Six months into his retirement, my husband Steve pants from pain as he hobbles from one room to the next with the aid of a crutch. A bulging disc in his lower
back has been clamoring for Steve’s attention, interrupting his new life as a retiree — and my life as his spouse!
All of the chores Steve previously handled (too many to count) are being redistributed to me and our younger son Patrick, who is on summer break from college. One of the dreaded duties I’ve inherited is weeding the garden. Dreaded because the garden should have been weeded weeks ago!
On Father’s Day, while Steve rested, I put on an old T-shirt, a pair of orange flannel pants (think jail uniform), grabbed a trowel from the garage and walked into the jungle, aka, garden. Surveying the lush greenery, I wondered: which are weeds and which are vegetables? Walking back into the house, I called to Steve: “Are the plants with sort of shiny, oval leaves vegetables or weeds?” “They’re weeds,” he replied. Did I mention that it was around 90 degrees on Father’s Day and that those “plants” covered about three-quarters of our garden?
I got down on hands and knees and began extricating weeds, most of which intertwined the carrots, broccoli, cucumbers, strawberries, peppers and tomatoes. As the heat prickled my arms, I thought about the Parable of the Weeds among the Wheat (Matthew 13:24-30). “… While everyone was asleep his enemy came and sowed weeds all through the wheat and went off. …” Is that what happened to our garden?” I wondered humorously.
The slaves of the householder asked him what to do about the weeds. “‘Do you want us to go and pull them up?’ He replied, ‘No, if you pull up the weeds you might uproot the wheat along with them. …’” Scooping up a pile of weeds to place near our ditch, I noticed a hairy top of a tiny orange carrot plant and felt bad. I’d uprooted the “wheat” along with the weeds. But my mistake made me appreciate the fact that I am human and that life in the garden is messy.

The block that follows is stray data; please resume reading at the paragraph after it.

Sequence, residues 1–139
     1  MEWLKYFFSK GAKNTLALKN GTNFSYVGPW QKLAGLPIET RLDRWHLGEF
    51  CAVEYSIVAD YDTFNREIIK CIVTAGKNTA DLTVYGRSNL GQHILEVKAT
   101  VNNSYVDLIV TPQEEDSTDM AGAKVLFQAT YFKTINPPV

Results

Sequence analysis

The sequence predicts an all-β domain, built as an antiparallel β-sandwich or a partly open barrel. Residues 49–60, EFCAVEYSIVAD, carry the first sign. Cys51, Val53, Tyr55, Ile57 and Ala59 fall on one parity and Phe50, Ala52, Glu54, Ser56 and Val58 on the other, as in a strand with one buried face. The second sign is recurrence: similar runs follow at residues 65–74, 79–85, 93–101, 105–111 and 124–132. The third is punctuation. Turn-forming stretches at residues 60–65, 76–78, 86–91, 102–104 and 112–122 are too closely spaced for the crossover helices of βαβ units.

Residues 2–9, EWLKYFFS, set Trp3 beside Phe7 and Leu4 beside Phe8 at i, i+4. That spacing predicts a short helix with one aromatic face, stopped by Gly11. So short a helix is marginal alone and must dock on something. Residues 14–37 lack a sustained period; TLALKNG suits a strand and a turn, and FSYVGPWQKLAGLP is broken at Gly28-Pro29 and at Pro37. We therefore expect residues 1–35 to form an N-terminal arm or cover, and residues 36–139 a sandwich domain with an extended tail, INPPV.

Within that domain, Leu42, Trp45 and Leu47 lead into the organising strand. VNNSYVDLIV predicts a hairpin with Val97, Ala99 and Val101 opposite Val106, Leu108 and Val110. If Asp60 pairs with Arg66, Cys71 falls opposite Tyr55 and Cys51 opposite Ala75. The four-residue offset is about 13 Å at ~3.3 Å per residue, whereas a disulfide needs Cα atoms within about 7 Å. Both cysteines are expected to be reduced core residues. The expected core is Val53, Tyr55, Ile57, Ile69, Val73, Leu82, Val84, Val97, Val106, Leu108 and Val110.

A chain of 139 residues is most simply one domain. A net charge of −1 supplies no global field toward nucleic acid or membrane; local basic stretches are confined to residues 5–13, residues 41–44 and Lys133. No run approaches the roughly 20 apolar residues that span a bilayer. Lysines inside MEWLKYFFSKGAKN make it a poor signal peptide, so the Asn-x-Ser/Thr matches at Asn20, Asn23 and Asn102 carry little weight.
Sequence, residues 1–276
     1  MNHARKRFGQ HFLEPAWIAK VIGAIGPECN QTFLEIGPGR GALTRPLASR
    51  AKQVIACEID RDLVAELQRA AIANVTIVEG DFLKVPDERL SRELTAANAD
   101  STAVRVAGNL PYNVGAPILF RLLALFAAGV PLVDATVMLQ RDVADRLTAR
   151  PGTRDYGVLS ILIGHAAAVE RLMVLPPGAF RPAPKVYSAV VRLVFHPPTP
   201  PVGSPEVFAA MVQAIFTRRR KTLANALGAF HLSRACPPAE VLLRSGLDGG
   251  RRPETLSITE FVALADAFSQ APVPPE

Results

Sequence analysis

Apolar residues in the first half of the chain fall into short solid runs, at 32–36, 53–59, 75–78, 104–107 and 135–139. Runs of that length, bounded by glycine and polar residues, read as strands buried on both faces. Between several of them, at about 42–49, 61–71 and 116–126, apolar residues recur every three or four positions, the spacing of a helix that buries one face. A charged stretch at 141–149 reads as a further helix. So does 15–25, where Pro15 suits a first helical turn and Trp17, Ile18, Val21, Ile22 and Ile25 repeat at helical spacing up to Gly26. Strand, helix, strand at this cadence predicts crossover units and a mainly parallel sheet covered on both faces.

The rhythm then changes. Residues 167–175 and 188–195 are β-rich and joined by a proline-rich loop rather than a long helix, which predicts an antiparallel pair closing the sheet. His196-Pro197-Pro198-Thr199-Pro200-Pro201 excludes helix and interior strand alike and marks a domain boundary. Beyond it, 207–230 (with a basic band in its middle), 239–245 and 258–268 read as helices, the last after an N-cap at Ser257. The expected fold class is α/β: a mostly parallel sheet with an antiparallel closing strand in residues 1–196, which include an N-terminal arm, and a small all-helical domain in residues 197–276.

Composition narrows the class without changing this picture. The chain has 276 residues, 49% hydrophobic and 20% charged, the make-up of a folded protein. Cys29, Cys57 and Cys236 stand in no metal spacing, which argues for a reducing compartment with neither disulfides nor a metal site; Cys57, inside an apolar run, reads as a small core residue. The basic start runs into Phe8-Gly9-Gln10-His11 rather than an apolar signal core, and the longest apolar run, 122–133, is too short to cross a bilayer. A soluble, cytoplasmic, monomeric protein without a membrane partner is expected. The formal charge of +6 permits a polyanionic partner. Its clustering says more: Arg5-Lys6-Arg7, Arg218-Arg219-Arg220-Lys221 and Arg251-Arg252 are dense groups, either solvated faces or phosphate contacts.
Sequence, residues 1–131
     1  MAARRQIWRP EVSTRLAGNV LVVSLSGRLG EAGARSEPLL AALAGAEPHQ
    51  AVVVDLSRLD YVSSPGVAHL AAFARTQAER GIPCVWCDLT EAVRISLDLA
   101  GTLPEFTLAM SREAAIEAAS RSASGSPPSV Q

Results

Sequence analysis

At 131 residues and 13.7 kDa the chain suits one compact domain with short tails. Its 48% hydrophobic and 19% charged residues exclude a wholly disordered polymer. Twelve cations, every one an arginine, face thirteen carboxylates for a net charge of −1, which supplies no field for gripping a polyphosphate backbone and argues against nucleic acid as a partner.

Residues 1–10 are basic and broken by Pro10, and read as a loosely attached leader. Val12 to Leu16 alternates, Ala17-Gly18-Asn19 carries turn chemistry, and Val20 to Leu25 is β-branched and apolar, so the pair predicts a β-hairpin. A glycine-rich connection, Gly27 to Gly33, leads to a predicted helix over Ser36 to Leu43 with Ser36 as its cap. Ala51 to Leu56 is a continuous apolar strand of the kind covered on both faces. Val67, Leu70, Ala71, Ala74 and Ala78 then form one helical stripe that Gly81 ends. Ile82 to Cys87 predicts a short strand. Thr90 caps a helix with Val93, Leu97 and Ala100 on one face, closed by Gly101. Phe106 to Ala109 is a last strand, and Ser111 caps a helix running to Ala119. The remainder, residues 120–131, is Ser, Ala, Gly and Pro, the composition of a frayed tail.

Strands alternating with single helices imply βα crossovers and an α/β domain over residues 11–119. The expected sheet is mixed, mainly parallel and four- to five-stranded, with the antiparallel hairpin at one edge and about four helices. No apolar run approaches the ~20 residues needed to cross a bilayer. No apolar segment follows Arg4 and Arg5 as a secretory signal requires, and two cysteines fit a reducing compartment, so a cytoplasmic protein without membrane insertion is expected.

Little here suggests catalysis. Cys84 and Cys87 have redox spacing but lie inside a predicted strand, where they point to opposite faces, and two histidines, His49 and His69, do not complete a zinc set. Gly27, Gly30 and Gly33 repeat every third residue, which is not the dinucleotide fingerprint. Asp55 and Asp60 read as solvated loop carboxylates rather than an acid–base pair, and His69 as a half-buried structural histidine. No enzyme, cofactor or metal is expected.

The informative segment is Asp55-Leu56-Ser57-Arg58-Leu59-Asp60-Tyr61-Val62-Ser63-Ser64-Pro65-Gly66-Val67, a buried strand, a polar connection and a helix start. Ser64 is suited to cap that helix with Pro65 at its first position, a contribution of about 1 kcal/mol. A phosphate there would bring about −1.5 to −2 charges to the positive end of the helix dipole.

OK, I’m mixing metaphors and parables … but it was too easy to resist as I toiled in the soil of God’s creation. The parable’s householder instructed the slaves about the weeds, “Let them grow together until harvest; then at harvest time I will say to the harvesters, ‘First collect the weeds and tie them in bundles for burning; but gather the wheat in my barn.’”
I know Jesus wasn’t teaching his disciples about gardening. His parable was an allegory about good and evil and what awaits the righteous in the kingdom of God. Like all people of faith, I strive to be the good seed, the wheat that will be gathered in the barn, in God’s home.
Weeding is not my idea of fun, but the garden is Steve’s project and right now he needs me to tend it for him. In 31 years of marriage, I’ve never seen my husband so physically weak. It’s a little disconcerting. It gives me a bigger view of the garden we call married life and what’s necessary to cultivate it.
(Barb Arland-Fye, Editor, can be reached at firstname.lastname@example.org.)